An unspoken bond of understanding exists between a dog and its owner and is unlike anything else in the natural world, scientists have found.
A study has proved that dogs are genuinely in tune with human emotions, feelings and movements in a way no other species can mirror and have this ability at birth.
The only attributable explanation, researchers say, is the development of a unique bond between the two species carved from more than 10,000 years of domestication.
Scientists have long studied the relationship between humans and man’s best friend but are still unravelling how we turned a fierce predator into a docile companion animal.
A new study from Duke University in North Carolina looked at the difference in behaviour between wolf puppies and infant dogs. A total of 88 animals – 44 dogs and 37 wolves – were enrolled in a study, with none of the animals older than 18 weeks.
Wolf pups in the study were from the Wildlife Science Centre in Minnesota and were hand raised by people. Keepers fed the wolves by hand and spent 24 hours a day with them. In contrast, the dogs were left in their litter with their siblings and mother and had minimal contact with people.
All the canines, dogs and wolves alike, underwent the same tests to determine how they responded to human clues and behaviour.
All the canines in the experiment, dogs and wolves alike, underwent the same tests to determine how they responded to human clues and behaviour
In the experiments, researchers hid a treat in one of two bowls and gave the participating puppy a clue to help them find the food. The gesture varied by trial, including a pointed finger, a glance in the direction of the food and putting a small wooden block next to the correct bowl – a practice foreign to the animals.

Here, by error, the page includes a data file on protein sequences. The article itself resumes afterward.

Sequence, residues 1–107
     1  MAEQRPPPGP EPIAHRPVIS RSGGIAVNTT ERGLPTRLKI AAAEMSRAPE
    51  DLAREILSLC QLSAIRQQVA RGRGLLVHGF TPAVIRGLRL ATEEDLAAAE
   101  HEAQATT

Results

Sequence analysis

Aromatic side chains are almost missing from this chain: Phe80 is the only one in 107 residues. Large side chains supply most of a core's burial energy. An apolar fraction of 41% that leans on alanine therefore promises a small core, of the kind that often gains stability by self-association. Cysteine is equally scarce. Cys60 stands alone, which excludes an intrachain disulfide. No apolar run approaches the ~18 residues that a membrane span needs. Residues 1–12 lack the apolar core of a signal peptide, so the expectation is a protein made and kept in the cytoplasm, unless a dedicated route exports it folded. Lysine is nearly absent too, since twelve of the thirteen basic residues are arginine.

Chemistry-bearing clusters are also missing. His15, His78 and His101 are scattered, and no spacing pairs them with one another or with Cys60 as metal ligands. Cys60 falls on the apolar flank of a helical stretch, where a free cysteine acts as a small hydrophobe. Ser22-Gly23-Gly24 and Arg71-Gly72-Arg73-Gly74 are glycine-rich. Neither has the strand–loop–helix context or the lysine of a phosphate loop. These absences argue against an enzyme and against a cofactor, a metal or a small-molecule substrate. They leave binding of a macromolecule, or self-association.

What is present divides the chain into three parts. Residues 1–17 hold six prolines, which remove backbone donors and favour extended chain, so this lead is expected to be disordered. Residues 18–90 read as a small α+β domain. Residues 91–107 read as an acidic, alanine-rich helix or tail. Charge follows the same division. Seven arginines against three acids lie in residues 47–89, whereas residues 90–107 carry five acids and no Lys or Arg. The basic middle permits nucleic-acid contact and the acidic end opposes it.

Analysis of the results revealed dog puppies, despite having minimal prior experience with people, understood where to go with ease and were twice as likely to get it right as wolf puppies of the same age who had spent far more time around people.
Seventeen of the 31 dogs consistently went to the right bowl, whereas none of the wolves performed better than random chance. Most of the dogs were able to pick up and follow clues from a person, whereas human tips were completely foreign to all the wolves.
The researchers also report that domestic dogs went to the right bowl at the first time of asking, proving they are born with this skill and need no training in order to comprehend human instructions.
The finding backs up a recent study from the University of Arizona, which studied 375 eight-week-old puppies, and concluded they are able to communicate with people from birth and need no training or practice to understand what their owner is saying.
"Dogs are born with this innate ability to understand that we’re communicating with them and we’re trying to cooperate with them," said study author Hannah Salomons, a doctoral student at Duke University.
Exactly how humans and dogs came to live in harmony remains unknown, with various theories touted as possible explanations.
However, Professor Brian Hare, the senior author on the study, said the research findings are strong evidence to back up the "domestication hypothesis", which says ancient hunter-gatherers living more than 12,000 years ago encountered wolves in the wild and tribes allowed some of the wolves to eat the leftovers of their kills.
But only the most timid of the predators were tolerated, and this meant that over generations only the most docile, human-friendly wolves got food and reproduced. Eventually, a lineage of wolves emerged which were tuned into human behaviour and the two species slowly became closer and more co-dependent.
This relationship led to men and dogs eventually hunting in tandem, working as a pair and living together. Now, many dog species work as service animals and assist fire crews, guide the blind and rescue stranded people.
"It is something they are really born prepared to do," said Professor Hare. "This study really solidifies the evidence that the social genius of dogs is a product of domestication."
The study is published in the journal Current Biology.